7 Ways to Make Killer Facebook AdsBy Amanda Walgrove November 23rd, 2015
But what, exactly, are the rules?
While Facebook updates its clients with new standards whenever its algorithms change, there are still plenty of obscure rules for success left unsaid. Luckily, there are ways to glean some insight into Facebook’s shadowy algorithm. Social media management agency Consumer Acquisiton analyzed 100,000 Facebook ads and shared its findings to marketers who are desperate for some understanding of the minutiae that determine whether Facebook ads fail or succeed.
Based on the research, here are seven tips for making the most of your advertising efforts.
1. Take image testing seriously
Consumer Acquisition found that images are responsible for more than 75 percent of ad performance, so it’s crucial that you choose the most dynamic images possible.
To do this, the report recommends testing between 10 and 15 images with the same ad copy against one audience. It’s also best to boost each ad with a small budget—like $15—to a large audience so you have more performance data to look at. Ideally, you should expect to spend about 10 percent of your monthly budget on testing alone.
2. And copy testing too
That chunk of your budget should also include copy testing. After you select a strong image, create five to 10 ads with variations of different copy to find the one that generates the most engagement.
A/B testing headlines can also increase your engagement by 25 percent and CTR by up to 50 percent. It’s important to keep experimenting—even if you have a headline that seems to work. To do this, just create a copy of an existing ad (with optimized image and copy), change the headline, and keep A/B testing until you hit the most effective one. The process may seem like a lot of work, but it’s worth making sure your ad reaches its full potential.
One more tip when it comes to copy: The sweet spot for Facebook text length is 40 characters, so keep it short and to the point.
3. Keep visuals simple
When it comes to developing the creative for your ads, less is always more. According to the report, plain, white, or blurred image backgrounds work best. They serve to keep the focus on your message without confusing the user. On a related note, it’s better to feature one product than to cram a bunch into the frame.
Text should also be simple. Specifically, Consumer Acquisitions found that “text often performs best when positioned in a horizontal or vertical copy bar, with a background color that increases contrast, and, of course, strong calls-to-action.”
4. Incorporate vibrant colors
Some of the biggest sites on the Internet are blue—from Facebook to Twitter to Tumblr—but that doesn’t mean your ad creative needs to be. In fact, if you want to stand out, it’s time to get colorful.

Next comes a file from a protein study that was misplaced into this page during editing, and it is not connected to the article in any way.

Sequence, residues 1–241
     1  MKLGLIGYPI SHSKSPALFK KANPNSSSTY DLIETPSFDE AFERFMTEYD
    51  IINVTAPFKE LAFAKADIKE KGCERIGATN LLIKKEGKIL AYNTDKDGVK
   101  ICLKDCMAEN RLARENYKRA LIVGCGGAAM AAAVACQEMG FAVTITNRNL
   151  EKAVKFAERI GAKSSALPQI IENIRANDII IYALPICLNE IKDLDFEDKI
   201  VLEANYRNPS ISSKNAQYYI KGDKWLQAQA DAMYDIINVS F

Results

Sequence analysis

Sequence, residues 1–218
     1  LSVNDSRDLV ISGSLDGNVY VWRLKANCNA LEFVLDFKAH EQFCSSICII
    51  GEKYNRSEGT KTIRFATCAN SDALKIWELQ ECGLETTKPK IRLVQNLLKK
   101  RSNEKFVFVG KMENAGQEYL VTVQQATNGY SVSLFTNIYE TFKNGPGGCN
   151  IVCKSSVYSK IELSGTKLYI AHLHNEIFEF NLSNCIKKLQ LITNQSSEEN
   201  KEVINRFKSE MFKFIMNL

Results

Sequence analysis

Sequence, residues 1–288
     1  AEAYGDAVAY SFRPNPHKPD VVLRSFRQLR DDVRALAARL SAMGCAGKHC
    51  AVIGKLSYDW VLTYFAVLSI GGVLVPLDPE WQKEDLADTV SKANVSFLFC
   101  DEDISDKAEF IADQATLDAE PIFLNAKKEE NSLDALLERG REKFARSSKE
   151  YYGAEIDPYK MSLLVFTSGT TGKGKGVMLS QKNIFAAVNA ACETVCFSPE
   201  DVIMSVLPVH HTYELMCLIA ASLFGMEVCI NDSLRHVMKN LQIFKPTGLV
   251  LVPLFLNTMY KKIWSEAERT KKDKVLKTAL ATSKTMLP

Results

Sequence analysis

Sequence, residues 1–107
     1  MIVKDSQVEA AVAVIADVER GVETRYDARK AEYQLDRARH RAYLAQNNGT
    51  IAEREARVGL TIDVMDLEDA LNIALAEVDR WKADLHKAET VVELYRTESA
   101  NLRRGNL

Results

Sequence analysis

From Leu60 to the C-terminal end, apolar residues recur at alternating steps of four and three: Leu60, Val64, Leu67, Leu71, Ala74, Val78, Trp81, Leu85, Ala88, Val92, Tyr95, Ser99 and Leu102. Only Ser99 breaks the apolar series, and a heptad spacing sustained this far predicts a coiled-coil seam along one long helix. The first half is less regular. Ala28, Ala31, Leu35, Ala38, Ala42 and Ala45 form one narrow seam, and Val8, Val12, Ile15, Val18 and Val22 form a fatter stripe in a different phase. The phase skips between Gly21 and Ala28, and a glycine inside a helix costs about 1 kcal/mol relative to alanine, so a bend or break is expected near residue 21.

While blues tend to blend too much with Facebook’s theme colors, and blacks and grays are visually recessive (meaning the eye ignores them), vibrant colors like red, yellow, orange, and green appear in some of the most successful ads. The colors will help your ad pop in a News Feed that’s otherwise full of babies and pets.
5. Take advantage of user-generated content
Here’s an interesting finding: User-generated images tend to outperform professional photos. As the report states, “Facebook is a user-created content environment, where users are more likely to trust ads that feel like what they’re already finding in their newsfeed. In other words, successful ads feel organic.”
Therefore, it’s wise to avoid stock photos or images with models. Including “real” people who actually understand and use your product—like your company’s employees or customers—will make for a more relatable ad message.
6. Use images of happy women and children
This tip may sound strange, but that doesn’t make it any less effective. Consumer Acquisition found that both men and women prefer to see ads featuring women and children, particularly if they’re happy and looking straight into the camera.
7. Keep refreshing your strategy
Once you’ve found the most effective images and copy for your ads, run them for about a week. Then once performance starts to drop, start over with new creative. Consumer Acquisition recommends testing between 10 and 20 new images each week with the expectation that only one will truly resonate with your users.
As the study states, “Expect more failure than success, and realize that each failed test will cost money before it offers a result. You may feel like you’re ‘wasting’ a lot of money for the testing process alone, but that’s the price of knowledge and success.”Image by Kornev Andrii